USAF Warfare Center: Developing tomorrow’s leaders today
By Airman 1st Class Andrew D. Sarver, 99th Air Base Wing Public Affairs
/ Published August 24, 2018
NELLIS AIR FORCE BASE, Nev. --
The U.S. Air Force Warfare Center (USAFWC) concluded its first Tech. Sergeant Week/Warrior Stripe Program August 17 at Nellis Air Force Base, Nevada.
The two-week course brought together 40 Warfare Center NCOs to provide an avenue for them to develop as military and professional leaders.
“The goal is for the folks that leave the course to see it as something different, something that changed them and made them think about things a little differently,” said Chief Master Sgt. Charles Hoffman, USAFWC command chief.
The students were pulled from the Warfare Center and its supporting units, from crew chiefs and civil engineers to medics and communications.
Tech. Sgt. Daniel Wolfrum, Thunderbirds plans and scheduling NCO in charge, was one of the students. He said that he had been looking forward to the course for a while and it exceeded his expectations.
“This two-week course was very beneficial because not only did I get to talk to other maintainers outside of the Thunderbirds, but I also got to talk to Airmen from a lot of different career fields from throughout the Air Force,” said Wolfrum. “That was really enlightening for me because I was able to see an even bigger picture of what not only the USAFWC is doing, but what the Air Force is doing as a whole.”
The first week focused on military development and personal and professional development.
“I felt like the curriculum was planned very well – almost to a tee,” said Wolfrum. “There were things I saw that were immediately beneficial like the personality test on the second day because it opened us up to each other and taught us how to mediate with those who have different personality traits. Just the fact that the course helped me with my feedback and leadership skills, I know that I’ll be able to go to people in a lot of different career fields and relate to them a little bit better.”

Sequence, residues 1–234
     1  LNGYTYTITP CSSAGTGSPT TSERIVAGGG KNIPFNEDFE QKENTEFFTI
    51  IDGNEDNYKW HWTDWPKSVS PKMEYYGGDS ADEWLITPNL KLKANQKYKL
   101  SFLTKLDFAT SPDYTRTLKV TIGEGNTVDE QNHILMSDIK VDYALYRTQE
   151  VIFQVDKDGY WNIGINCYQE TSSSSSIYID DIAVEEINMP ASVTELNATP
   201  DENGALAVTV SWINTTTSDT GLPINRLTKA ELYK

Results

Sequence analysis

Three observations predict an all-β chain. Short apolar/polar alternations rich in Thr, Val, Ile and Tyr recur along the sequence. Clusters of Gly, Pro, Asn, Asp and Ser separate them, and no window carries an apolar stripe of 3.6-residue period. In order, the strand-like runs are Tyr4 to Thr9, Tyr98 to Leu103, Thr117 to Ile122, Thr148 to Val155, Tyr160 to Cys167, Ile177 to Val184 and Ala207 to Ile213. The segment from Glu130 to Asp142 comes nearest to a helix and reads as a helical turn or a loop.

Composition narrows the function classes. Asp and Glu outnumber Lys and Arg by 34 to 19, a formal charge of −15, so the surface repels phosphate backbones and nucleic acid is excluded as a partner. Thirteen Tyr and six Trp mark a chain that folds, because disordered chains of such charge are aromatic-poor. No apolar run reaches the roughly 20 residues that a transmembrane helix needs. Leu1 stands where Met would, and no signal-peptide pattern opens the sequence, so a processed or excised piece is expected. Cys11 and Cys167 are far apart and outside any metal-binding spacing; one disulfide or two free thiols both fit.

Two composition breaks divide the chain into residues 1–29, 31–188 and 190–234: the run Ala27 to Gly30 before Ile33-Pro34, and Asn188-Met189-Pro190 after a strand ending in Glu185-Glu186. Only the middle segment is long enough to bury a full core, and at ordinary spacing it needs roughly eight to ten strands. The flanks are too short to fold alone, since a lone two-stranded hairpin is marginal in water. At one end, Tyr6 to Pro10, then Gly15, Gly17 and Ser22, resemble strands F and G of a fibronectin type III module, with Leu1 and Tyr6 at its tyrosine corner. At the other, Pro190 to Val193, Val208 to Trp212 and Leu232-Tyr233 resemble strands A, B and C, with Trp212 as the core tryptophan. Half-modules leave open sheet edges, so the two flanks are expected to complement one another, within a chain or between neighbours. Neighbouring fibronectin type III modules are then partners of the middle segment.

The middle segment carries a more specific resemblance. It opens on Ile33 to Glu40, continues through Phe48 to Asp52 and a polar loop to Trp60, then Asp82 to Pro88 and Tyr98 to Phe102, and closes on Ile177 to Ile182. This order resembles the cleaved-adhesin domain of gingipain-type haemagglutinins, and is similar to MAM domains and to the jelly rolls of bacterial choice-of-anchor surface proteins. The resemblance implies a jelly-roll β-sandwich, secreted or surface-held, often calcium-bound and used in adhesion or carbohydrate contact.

Hoffman said the course focused on the National Defense Strategy and the big picture of why they are here and why they do what they do. It also entails an in-depth look at who they are and how they deal with different learning styles to give them a greater understanding of how to work together as a team.
Only 10 of those 40 students moved on to the second week when they traveled to units around the base to see everything from fighter jets to military working dogs. Most of what the students saw they would never experience without the course.
“The second week was great because we actually got to dive into what the Warfare Center does,” said Wolfrum. “We got to learn about every single wing and what they’re doing for the Air Force. I got to take a very in-depth look at Red Flag and the F-35; being an F-16 guy, it was really cool to see what the F-35 can do compared to the F-16.”
Hoffman said the week specifically focused on technical sergeants because although there isn’t much out there for development courses once they make that rank.
“Hopefully this course will inspire somebody or a good portion of these folks to go and be a better NCO,” said Hoffman. “This isn’t about adding another level of professional military education like NCO Academy. It’s about sharing knowledge that we, as senior NCOs, learned later in our careers that we wish we would have known as tech. sergeants.”
Wolfrum and Hoffman agreed that tech. sergeants have a lot of roles and responsibilities and that this course could help develop them further as better NCOs.
“As a young Airman, when I was coming up in the ranks, I saw tech. sergeants as basically the middlemen between everybody,” said Wolfrum. “They could go to the senior NCOs and provide feedback and ideas while performing tasks and then continue to mentor their Airmen. It’s one of the most influential ranks in the Air Force.”